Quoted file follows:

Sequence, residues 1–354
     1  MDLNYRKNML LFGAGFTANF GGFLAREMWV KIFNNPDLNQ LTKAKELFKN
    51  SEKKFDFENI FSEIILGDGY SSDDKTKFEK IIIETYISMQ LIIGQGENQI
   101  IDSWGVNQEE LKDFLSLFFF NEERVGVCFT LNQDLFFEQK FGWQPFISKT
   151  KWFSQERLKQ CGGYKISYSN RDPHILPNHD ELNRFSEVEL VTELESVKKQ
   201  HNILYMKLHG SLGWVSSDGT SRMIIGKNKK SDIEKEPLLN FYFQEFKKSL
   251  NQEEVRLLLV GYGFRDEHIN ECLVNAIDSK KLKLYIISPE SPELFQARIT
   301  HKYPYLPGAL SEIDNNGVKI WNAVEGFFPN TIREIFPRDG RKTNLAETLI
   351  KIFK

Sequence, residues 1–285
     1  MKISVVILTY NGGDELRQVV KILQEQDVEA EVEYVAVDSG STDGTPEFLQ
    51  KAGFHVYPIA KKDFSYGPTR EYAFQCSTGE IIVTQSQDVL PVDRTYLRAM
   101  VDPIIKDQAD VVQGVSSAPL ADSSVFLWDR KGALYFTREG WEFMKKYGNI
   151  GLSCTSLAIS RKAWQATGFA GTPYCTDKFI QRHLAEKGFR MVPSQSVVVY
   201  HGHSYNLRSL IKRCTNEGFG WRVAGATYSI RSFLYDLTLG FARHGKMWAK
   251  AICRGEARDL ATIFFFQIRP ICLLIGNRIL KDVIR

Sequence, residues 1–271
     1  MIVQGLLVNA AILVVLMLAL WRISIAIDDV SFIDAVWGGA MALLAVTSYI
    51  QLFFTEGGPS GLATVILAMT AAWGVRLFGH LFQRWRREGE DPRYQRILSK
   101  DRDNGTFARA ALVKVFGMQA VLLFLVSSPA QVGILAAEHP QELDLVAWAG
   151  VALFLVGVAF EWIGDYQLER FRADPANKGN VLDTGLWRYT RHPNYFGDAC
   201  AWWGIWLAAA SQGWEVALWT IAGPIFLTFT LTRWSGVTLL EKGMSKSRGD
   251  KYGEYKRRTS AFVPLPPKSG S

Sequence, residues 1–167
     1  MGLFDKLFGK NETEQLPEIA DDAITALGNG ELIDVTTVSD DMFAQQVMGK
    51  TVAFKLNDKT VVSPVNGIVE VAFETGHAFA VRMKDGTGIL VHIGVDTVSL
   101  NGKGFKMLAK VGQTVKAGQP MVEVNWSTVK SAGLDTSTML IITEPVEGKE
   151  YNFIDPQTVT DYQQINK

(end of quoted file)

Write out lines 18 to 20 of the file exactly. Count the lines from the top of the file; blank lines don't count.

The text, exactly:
     1  MIVQGLLVNA AILVVLMLAL WRISIAIDDV SFIDAVWGGA MALLAVTSYI
    51  QLFFTEGGPS GLATVILAMT AAWGVRLFGH LFQRWRREGE DPRYQRILSK
   101  DRDNGTFARA ALVKVFGMQA VLLFLVSSPA QVGILAAEHP QELDLVAWAG